posts may contain Amazon affiliate links, which earn me a small commission when you buy (but doesn't cost you anything extra). Occasionally I receive free products and/or run sponsored posts—this will always be stated clearly in the post. Thank you for supporting this blog.

This website contains some quotations, excerpts, and screen clips from copyrighted material. These uses fall well within the copyright doctrine of "Fair Use".
Friday, November 26, 2010

Time to bake the Brioche!

Thanksgiving came and went so quickly this year!  I'm not even posting our menu because we always do basically the same spread...with variations on the turkey, stuffing, gravy, and mashed potatoes.  We always have pumpkin and pecan another one or two desserts that try to make the yearly roster.  Occasionally a variation on green bean casserole will make an appearance.  We always have my homemade applesauce and cranberries.  My youngest sister always brings mac & cheese, sweet potatoes, and greens.  Usually broccoli salad pops up.  This year I decided I was going to focus on the breads.  Nothing else extremely exciting to share...nothing inspiring me to wax poetic.  Family, football, food...delicious, button-popping plates...but I only busted out the camera once or twice.  Can you believe it?  I made three types of rolls...and all were perfection.  Let's start with the brioche...

Brioche Rolls
recipe by Dorie Greenspan via BOM found here
makes 12 rolls or 2 loaves
(Don’t skip the overnight rest — it’s what gives the brioche its lovely texture.)

¼ c. warm-to-the-touch whole milk
¼ c. warm-to-the-touch water
3 Tbs. sugar
4 tsp. active dry yeast
2¾ c. all-purpose flour
1½ tsp. salt
3 large eggs, at room temperature, lightly beaten
12 Tbs. (1½ sticks) unsalted butter, at room temperature

Pour the warm milk and water into the bowl of a stand mixer, add a pinch of the sugar, and sprinkle over the yeast. In another bowl, mix the flour and salt together.

When all the yeast has absorbed some liquid, stir with a wooden spoon or spatula until you have a creamy mixture. Fit the mixer with the dough hook, add all of the flour mixture at once, and turn the mixer on and off in a few short pulses to dampen the flour. Set the mixer to medium-low speed and mix for a minute or two, scraping the sides and bottom of the bowl as needed, until you have a shaggy, fairly dry mass. At this point, what you’ve got won’t look like a dough at all — in fact, it will be pretty ugly, but that doesn’t matter.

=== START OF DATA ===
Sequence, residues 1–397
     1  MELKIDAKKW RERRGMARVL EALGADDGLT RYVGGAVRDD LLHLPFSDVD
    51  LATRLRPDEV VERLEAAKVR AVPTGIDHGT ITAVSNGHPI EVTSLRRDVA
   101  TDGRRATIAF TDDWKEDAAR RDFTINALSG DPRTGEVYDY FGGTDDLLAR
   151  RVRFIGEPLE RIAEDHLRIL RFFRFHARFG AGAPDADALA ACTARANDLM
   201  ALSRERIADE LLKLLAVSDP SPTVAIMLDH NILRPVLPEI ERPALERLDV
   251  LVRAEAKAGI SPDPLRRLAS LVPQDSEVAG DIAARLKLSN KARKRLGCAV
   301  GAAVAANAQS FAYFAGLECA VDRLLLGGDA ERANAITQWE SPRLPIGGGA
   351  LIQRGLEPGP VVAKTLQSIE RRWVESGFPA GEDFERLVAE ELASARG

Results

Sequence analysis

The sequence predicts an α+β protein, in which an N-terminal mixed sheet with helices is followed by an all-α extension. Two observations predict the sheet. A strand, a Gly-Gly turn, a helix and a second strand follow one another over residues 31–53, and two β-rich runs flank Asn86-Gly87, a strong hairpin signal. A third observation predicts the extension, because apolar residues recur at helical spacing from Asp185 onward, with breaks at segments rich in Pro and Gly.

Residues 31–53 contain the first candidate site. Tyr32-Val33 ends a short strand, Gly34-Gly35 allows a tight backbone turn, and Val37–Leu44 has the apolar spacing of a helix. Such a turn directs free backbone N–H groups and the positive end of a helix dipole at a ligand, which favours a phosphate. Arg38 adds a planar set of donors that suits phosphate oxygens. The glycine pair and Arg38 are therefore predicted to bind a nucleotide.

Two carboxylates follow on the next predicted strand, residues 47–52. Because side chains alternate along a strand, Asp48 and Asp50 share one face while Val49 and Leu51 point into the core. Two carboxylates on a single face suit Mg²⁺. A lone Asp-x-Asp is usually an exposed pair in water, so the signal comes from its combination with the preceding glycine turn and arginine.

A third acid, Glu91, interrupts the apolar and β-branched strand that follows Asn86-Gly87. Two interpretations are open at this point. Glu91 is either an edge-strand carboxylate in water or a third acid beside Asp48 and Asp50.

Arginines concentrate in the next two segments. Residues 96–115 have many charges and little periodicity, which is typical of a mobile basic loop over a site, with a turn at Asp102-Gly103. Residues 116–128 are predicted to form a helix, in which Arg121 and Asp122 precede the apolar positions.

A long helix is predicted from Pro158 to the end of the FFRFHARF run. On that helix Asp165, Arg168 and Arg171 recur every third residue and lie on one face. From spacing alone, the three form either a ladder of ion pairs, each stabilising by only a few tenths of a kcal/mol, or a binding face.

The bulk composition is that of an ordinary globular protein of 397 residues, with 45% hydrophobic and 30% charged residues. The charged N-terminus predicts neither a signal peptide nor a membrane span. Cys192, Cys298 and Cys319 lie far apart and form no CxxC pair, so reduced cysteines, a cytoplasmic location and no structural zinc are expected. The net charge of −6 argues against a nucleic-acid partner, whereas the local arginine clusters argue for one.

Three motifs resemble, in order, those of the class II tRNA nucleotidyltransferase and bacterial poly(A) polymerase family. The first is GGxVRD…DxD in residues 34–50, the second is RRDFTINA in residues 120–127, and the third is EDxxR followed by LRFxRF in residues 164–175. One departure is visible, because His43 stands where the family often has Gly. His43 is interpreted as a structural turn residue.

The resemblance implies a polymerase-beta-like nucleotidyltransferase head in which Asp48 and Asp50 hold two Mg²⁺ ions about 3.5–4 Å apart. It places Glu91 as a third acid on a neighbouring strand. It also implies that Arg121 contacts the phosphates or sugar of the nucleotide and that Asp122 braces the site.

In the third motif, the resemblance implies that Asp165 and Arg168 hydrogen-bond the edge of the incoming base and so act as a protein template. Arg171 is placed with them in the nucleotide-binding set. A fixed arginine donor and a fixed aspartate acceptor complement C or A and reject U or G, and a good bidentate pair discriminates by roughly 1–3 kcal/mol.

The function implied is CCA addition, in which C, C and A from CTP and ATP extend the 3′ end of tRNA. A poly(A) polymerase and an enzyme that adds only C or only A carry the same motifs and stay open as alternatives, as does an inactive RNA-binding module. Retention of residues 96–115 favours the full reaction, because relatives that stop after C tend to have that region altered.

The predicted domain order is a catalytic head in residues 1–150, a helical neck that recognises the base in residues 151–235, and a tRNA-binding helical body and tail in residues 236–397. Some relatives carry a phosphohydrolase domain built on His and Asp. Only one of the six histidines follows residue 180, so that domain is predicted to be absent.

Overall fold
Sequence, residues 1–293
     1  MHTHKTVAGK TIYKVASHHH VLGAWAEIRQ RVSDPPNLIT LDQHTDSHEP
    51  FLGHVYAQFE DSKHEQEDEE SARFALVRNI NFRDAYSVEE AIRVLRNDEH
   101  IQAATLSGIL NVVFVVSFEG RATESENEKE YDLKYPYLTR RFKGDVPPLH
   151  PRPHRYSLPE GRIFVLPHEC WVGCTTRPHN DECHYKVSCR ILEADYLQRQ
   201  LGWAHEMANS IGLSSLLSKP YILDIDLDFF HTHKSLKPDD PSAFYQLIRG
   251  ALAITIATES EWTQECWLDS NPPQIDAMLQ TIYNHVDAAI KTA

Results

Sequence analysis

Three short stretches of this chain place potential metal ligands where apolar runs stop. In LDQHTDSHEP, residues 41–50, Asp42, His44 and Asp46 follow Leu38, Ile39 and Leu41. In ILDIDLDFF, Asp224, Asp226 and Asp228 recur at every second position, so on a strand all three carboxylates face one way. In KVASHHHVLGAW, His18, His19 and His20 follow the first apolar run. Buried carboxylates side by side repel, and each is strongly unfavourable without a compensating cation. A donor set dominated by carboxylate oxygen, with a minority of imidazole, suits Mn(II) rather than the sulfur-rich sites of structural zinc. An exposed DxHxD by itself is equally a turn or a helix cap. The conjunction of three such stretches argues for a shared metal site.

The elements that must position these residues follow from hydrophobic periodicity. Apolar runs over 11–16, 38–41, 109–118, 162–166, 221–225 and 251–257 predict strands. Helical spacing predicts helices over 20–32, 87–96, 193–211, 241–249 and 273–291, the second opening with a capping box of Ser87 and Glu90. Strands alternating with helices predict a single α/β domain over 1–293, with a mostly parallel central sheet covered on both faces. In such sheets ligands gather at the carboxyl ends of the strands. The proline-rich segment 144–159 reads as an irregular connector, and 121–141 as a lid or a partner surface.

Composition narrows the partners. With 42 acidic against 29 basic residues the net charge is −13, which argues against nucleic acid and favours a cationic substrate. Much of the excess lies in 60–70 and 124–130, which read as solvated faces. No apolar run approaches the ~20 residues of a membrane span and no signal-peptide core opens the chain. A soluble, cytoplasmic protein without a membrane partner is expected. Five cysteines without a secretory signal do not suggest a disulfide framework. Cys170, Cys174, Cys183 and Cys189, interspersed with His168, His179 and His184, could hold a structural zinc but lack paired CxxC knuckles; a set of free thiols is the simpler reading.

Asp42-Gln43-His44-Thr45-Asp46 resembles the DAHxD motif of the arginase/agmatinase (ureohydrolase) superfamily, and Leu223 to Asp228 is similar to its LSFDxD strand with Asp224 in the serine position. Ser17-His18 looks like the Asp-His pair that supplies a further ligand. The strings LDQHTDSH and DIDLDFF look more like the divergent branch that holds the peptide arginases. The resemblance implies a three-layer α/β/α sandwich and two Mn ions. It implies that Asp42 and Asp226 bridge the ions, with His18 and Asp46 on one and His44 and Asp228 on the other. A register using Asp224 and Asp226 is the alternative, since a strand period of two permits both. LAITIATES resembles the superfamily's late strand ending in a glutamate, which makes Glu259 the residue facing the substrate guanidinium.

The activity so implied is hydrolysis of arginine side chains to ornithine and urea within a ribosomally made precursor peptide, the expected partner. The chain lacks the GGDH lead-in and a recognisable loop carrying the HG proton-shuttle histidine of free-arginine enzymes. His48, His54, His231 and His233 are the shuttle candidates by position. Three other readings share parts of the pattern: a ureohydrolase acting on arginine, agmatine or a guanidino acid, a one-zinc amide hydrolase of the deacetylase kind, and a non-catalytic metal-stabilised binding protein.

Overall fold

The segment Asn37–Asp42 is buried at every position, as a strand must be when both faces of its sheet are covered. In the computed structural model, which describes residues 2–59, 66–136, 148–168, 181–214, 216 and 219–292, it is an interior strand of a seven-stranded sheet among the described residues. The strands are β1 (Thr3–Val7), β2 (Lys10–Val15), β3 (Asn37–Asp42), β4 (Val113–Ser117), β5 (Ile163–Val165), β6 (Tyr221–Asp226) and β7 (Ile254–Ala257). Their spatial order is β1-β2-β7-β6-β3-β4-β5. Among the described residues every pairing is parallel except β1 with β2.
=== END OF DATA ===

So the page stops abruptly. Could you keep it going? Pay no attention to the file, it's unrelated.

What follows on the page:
Scrape down the bowl, turn the mixer to low, and add the beaten eggs one third at a time, beating until each addition is incorporated before adding the next. Beat in the remaining sugar, increase the mixer speed to medium, and beat for about 3 minutes, until the dough starts to come together.

Reduce the mixer speed to low and add the butter in 2-Tbs. chunks. I like to squeeze the butter between my fingers to soften it even more just before I toss it into the bowl. Beat for about 30 seconds, or until each piece of butter is on its way to being almost incorporated, before adding the next little chunk of butter. When all the butter is in, you’ll have a dough that is very soft, really almost like a batter. Increase the mixer speed to medium-high and beat until the dough pulls away from the sides of the bowl and climbs up the hook, about 10 minutes, or a little longer.

Transfer the dough to a lightly buttered bowl, cover with plastic wrap, and leave it at room temperature until it’s nearly doubled in size; it will take at least 1 hour, maybe longer, depending on the warmth of your room.

Deflate the dough by lifting it up around the edges and letting it fall with a slap. Cover the dough with plastic wrap and put it in the refrigerator until it stops rising as energetically, about 2 hours; “slap” it down every 30 minutes.

Press the plastic against the surface of the dough and leave it in the refrigerator to chill overnight. The dough is ready to use after its overnight rest (and will keep in the refrigerator up to three days).